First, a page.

Silence from Nepal is agony for Canadian families
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Oct 16, 2014  |  Vote 0    0

Silence from Nepal is agony for Canadian families

Three dozen Canadian trekkers are missing and at least three Canadians are believed killed as rescue workers hunt for stranded mountaineers


MONTREAL - The anxiety of two Canadian families waiting for word of loved ones unreachable after a devastating avalanche in the mountains of Nepal came to an end early Thursday morning in the simplest of fashions—a Facebook message.

“Thank you to everyone for all the kind words and prayers, we are safe,” wrote Virginia Schwartz, a 37-year-old trekker from Pontiac, Que., who had been travelling in the region with her 32-year-old friend, Ottawa’s Jane Van Criekingen.

Out of contact since Tuesday’s storm dropped massive amounts of snow and kicked off an unseasonable avalanche, the two women had provided the sign of life that nearly three dozen other Canadian families are now awaiting, according to a list compiled by the Star.

They are from Vancouver, Calgary, Montreal, Toronto and a host of smaller cities that dot the Canadian landscape. Some are young and travelling with friends from around the world. Some are on organized tours. Others are married and have anxious children waiting for a sign of life.

Not getting word yet from hikers believed to have been in the vicinity when the storm hit could be as meaningless as a sign that Internet connections 3,000 metres in the sky are still shaky or that surviving trekkers have scrambled along their routes in search of lodging rather than rush to the nearest Internet cafe.

Schwartz explained in her Facebook post that she and Van Criekingen were trekking out of what is considered to be the avalanche danger zone and taking a different route that should have them reach the town of Pokhara in several days.

Word also came that Montrealer Charles de Courval, who had been travelling with two other men in hardest-hit area, are also safe.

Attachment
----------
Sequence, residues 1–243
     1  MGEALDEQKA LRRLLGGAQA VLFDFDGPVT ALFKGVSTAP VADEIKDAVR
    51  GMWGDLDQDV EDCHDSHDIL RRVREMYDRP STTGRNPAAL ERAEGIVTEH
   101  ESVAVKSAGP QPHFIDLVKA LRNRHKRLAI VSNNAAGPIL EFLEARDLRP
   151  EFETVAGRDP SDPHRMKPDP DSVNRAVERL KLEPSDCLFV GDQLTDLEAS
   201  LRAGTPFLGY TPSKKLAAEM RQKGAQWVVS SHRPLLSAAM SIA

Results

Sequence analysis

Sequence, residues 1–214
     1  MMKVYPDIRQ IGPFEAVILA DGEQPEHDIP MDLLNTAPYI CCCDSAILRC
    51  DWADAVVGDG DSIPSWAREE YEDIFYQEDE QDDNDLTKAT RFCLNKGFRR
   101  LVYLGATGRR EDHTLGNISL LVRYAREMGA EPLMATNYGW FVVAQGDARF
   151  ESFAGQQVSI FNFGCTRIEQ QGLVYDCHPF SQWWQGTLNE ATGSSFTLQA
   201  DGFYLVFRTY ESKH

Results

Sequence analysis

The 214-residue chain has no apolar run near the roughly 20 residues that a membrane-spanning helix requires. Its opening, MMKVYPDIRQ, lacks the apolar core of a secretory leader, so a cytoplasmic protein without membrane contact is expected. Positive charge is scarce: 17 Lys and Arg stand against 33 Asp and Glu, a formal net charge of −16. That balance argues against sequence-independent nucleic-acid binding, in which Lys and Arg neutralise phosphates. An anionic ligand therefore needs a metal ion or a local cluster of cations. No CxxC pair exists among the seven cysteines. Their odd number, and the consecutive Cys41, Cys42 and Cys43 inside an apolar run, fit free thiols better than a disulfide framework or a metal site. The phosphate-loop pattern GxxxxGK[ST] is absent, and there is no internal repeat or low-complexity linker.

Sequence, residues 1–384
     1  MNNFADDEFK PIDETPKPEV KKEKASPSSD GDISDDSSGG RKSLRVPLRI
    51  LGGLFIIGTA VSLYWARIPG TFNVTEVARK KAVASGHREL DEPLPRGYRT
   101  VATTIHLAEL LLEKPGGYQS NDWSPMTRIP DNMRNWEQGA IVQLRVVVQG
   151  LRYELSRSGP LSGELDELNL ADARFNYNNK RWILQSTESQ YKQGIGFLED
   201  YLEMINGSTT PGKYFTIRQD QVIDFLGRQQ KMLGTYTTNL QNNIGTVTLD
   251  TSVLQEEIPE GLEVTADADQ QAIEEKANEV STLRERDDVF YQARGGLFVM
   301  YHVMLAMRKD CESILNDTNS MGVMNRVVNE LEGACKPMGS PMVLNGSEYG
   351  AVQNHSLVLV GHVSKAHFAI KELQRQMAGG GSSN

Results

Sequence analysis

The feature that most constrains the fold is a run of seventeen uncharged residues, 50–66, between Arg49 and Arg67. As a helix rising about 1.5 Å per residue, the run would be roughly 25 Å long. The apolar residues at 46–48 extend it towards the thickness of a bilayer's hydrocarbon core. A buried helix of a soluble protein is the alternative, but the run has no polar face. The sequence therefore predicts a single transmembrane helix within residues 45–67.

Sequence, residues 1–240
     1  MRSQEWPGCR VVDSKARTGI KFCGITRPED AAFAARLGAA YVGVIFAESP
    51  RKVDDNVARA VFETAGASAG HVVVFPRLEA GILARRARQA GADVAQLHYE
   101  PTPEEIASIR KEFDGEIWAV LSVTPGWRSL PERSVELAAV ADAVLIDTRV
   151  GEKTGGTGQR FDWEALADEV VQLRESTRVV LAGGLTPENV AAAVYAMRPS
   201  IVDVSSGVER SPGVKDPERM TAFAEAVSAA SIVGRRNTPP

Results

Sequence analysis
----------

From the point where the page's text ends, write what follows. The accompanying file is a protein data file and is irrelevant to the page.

“The group took refuge in a little village. They’re safe and sound, but the route was destroyed,” one of de Courval’s friends, Annie Rodrigue wrote on Facebook. Word came at about 1 a.m. Thursday.

“They are in the village of Koto for those who want to see where that is,” wrote Mathieu Chiasson, another friend. “It’s in an area that was hit hard.”

The Trekking Agencies’ Association of Nepal, which is coordinating rescue efforts in the districts affected by the avalanche, reported Thursday 117 stranded trekkers from the Manang and Mustang districts of the Annapurna region have been rescued.

Among the 77 people rescued from the Nar-Phu and Tilicho Lake were three Canadians who had been touring with the Nepal Hidden Treks and Expedition company. The Canadians were the only ones not to be identified by name or passport number, according to a list published by the rescue coordinators Thursday morning,

But there have also been additional dead bodies discovered in the avalanche zone, meaning that for those without word of family or friends from Nepal, the silence can only amplify the fears.

The Nepalese rescue agency said that the additional dead bodies that have been discovered, include those of at least six foreign travellers, one Nepalese individual and others that have not yet been identified.

Montreal’s La Presse reports that a Canadian tour guide, Sylvie Marois, of Montreal, is among those who have been killed in the avalanche.

There is also concern about the whereabouts of 33-year-old Genevieve Adam from Quebec City. Radio-Canada, speaking to Adam’s uncle, said that the young woman’s group was taking shelter in a tent when the avalanche hit and there is dwindling hope that she will be found alive.

Toronto Star

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